Based at the Moffitt Cancer Center, Florida, Cancer Ecology is a small research group led by David Basanta. We are mathematical modellers who work with biologists and clinicians, trying to understand the ecology of tumors and the evolutionary dynamics of cancer progression and resistance to treatment.

Adaptive therapy in bone metastatic prostate cancer - a window through agent-based models

Adaptive therapy in bone metastatic prostate cancer - a window through agent-based models

Adaptive therapies in cancer, pioneered by my colleague at Moffitt’s IMO Bob Gatenby, work under the assumption that tumors already contain cells that are resistant to our clinical treatments. So rather than using those treatments in the conventional way, in a continuous fashion, it is better to alternate treatment and treatment vacations in an adaptive fashion, to ensure that there are always enough treatment-sensitive cells to keep the resistant cells in check.

Mathematical models, specially agent-based ones, are good theoretical frameworks in which to study adaptive therapies and, in this blog I have presented some ideas related to them previously [here, here, here and here]. These (and others) models tend to ignore the ecosystem that cancers inhabit which, in my view, is likely to affect if adaptive therapies work and how.

Fortunately we also have an agent-based model of the bone ecosystem in the context of prostate cancer (described here and here) that Arturo Araujo did with us some time ago.

This bone metastatic agent-based model was modified so to include two types of tumor cells: TGF-Beta producing (which also requires that cytokine for survival) and TGF-Beta neutral. Cells that can use TGF-Beta proliferate faster (as they can use TGF-Beta) but are sensitive to a treatment that targets them and spares the TGF-Beta neutral cells. How does this tumor look like when a) we don’t treat it, b) we use continuous treatment or c) we use an adaptive therapy?

Same tumor but 3 ways to go about it when it comes to treatment. 3 different results. The adaptive therapy tried here (right panel) did not work but it certainly did a better job than the continuous application of the treatment. Could it have performed better? There are no clear guidelines on how to define the window of treatment application in adaptive therapies. In this particular instance we are working to keep the volume between 20 and 30K cells (we are talking about a small section of what in reality would be a much larger tumor). Would different windows yield different results?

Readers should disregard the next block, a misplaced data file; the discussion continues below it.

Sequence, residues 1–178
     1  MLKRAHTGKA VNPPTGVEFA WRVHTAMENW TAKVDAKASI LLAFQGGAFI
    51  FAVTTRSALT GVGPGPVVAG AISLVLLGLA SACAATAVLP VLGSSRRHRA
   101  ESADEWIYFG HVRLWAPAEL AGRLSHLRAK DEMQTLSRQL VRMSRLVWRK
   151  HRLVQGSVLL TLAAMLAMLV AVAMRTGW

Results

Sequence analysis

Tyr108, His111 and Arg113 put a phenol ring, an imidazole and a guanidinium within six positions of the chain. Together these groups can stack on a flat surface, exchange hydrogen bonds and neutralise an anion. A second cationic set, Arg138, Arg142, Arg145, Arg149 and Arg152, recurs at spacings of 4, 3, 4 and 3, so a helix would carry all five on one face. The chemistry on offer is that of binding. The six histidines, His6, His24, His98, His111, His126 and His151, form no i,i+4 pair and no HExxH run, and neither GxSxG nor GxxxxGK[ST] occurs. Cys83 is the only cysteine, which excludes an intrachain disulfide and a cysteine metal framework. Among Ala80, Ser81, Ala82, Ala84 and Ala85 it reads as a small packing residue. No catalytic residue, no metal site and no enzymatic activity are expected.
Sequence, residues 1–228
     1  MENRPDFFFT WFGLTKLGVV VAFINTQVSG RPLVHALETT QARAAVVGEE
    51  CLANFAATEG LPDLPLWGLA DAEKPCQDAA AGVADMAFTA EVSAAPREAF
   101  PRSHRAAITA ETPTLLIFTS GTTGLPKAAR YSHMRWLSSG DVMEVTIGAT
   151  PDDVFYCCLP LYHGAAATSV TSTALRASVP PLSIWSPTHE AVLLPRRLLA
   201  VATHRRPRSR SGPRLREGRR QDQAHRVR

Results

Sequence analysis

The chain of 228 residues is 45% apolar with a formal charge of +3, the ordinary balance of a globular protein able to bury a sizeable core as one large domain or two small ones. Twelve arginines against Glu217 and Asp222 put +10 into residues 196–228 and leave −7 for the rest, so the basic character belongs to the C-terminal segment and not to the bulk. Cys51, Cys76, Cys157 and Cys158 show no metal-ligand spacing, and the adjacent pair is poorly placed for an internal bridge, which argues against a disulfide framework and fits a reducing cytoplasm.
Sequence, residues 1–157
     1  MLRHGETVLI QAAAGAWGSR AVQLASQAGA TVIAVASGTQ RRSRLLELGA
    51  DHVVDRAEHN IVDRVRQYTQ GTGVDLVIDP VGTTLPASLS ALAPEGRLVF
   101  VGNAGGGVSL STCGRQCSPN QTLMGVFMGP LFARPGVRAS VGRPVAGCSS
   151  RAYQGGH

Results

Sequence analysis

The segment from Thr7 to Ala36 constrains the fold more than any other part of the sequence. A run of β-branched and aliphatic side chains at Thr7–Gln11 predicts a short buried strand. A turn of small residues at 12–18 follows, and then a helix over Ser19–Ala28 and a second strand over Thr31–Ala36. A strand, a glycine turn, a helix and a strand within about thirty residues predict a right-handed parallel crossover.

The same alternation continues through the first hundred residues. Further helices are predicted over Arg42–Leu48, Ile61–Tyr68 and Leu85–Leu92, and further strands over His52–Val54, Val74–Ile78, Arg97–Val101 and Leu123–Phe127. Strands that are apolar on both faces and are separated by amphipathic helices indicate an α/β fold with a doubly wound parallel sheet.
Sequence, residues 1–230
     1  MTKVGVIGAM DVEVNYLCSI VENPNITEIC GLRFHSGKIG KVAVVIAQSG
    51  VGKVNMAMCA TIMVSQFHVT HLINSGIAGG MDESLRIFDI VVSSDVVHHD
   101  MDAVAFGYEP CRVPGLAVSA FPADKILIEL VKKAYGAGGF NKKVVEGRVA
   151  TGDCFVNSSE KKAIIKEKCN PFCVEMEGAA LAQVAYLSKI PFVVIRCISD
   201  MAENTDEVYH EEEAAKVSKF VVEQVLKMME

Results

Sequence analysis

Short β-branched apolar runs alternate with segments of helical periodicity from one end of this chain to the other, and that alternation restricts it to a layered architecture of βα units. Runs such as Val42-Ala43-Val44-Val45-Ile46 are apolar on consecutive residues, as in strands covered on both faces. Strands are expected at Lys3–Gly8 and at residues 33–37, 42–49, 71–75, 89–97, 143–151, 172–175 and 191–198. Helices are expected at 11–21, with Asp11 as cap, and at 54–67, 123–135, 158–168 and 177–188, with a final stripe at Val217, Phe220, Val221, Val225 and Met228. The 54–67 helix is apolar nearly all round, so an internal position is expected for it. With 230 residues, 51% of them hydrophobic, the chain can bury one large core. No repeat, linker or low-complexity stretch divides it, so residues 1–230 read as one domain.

Same tumor but 3 ways to go about it when it comes to treatment. 3 different results. The adaptive therapy tried here (right panel) did not work but it certainly did a better job than the continuous application of the treatment. Could it have performed better? There are no clear guidelines on how to define the window of treatment application in adaptive therapies. In this particular instance we are working to keep the volume between 20 and 30K cells (we are talking about a small section of what in reality would be a much larger tumor). Would different windows yield different results?

CSBC-abstract figure.002.jpeg

Lessons? this is very preliminary but clearly the impact of changing the window of control for the adaptive therapy. A key finding is that, under these very idealized conditions, adaptive therapies can control the tumor for an indefinite amount of time. The example that did the best (59-60K cells, bottom-right panel) is also the narrowest window and the one closes to the simulation’s carrying capacity so whether this Is generalizable will require further investigation.

PSON pilot grant for Etienne

PSON pilot grant for Etienne